In the city they see a whole other environment, there are people from various races and very marked social statuses, there are poor neighborhoods as well as middle class and rich.
Afro-Americans are living in much better conditions in the City, but there is still discrimination between races and social classes. There is a lot of violence; most of the riots are between white and black people, because the Negroes take the jobs that before belonged only to the white. Also rich people segregate the poor, no matter they are from their same race. In a lot of homes the head of the family is the mother because the father is gone and as them to bring up their children they have leave them alone. There is also abuse towards children and/or women with in the family. Another problem in that society is the huge lack of education that exists in a lot of its members.
5. Alice Manfred: some facts of her life and how she copes with it She wants to protect her niece Dorcas.
What from? In what way? What is the effect on the girl? Alice Manfred, DorcasÃÂÃÂ´ aunt, takes care of her niece after her parents' death. They are everything each other have. Alice has a very accurate knowledge of the dangers in the City. She knows about the violence and all bad things that happen there. That's why she wants to protect her niece from it, because she is very afraid of what can happen to her. Therefore she raises Dorcas in a very strict way. She doesn't let her go to parties because besides of the riots, there exists the temptation of sex and drugs. She tries to keep Dorcas inside the house as much as possible and prohibits her to dress, as she likes; she has to use old-fashioned clothes. She even sends her to be religiously instructed. But all what she went through for her niece is not worth because Dorcas cannot restrain herself and rebelled against her, she didn't care about her education any longer.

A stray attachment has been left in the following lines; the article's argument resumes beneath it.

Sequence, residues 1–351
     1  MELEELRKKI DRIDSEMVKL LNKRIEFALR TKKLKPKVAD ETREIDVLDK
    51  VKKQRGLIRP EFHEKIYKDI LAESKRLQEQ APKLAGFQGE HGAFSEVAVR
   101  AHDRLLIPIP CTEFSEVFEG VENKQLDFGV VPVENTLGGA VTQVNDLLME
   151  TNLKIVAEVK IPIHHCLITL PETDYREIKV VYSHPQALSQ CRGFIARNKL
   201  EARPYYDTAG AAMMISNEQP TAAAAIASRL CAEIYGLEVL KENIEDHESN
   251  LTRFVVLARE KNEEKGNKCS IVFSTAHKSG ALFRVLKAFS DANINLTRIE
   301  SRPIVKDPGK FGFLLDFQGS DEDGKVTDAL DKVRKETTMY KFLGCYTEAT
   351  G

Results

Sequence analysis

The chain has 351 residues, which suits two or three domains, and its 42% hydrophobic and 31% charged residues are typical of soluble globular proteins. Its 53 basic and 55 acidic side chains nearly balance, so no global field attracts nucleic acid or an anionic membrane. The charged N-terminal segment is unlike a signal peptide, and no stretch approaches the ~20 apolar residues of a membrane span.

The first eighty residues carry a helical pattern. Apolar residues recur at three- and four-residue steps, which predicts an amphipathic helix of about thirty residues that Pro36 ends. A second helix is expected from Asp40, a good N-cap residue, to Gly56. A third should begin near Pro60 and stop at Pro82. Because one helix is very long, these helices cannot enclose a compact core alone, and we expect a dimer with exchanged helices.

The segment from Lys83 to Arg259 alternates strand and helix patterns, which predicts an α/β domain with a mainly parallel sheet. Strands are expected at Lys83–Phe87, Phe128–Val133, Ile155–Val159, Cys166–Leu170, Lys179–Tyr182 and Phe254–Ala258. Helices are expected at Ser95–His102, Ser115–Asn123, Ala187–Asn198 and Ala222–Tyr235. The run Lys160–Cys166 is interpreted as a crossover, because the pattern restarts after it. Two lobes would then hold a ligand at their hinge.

6. Joe becomes attracted to Dorcas, who is neither pretty nor attractive.
Why does he get involved with her and what is the nature of their relationship? Why do neither Joe nor Violet want to have children? Joe is looking for someone who understands him and listens to him because in this moment he is going through a difficult period. There is a lack of communication between him and Violet, she is going through her menopause and does not speak to him much. He finds very easy to tell Dorcas things that he was never been able to tell his wife. He renews his memories when he speaks to her he makes a strong connection with her. With her he remembers his youth. So he doesn't care about how Dorcas looks, he just likes her personality and that she listens.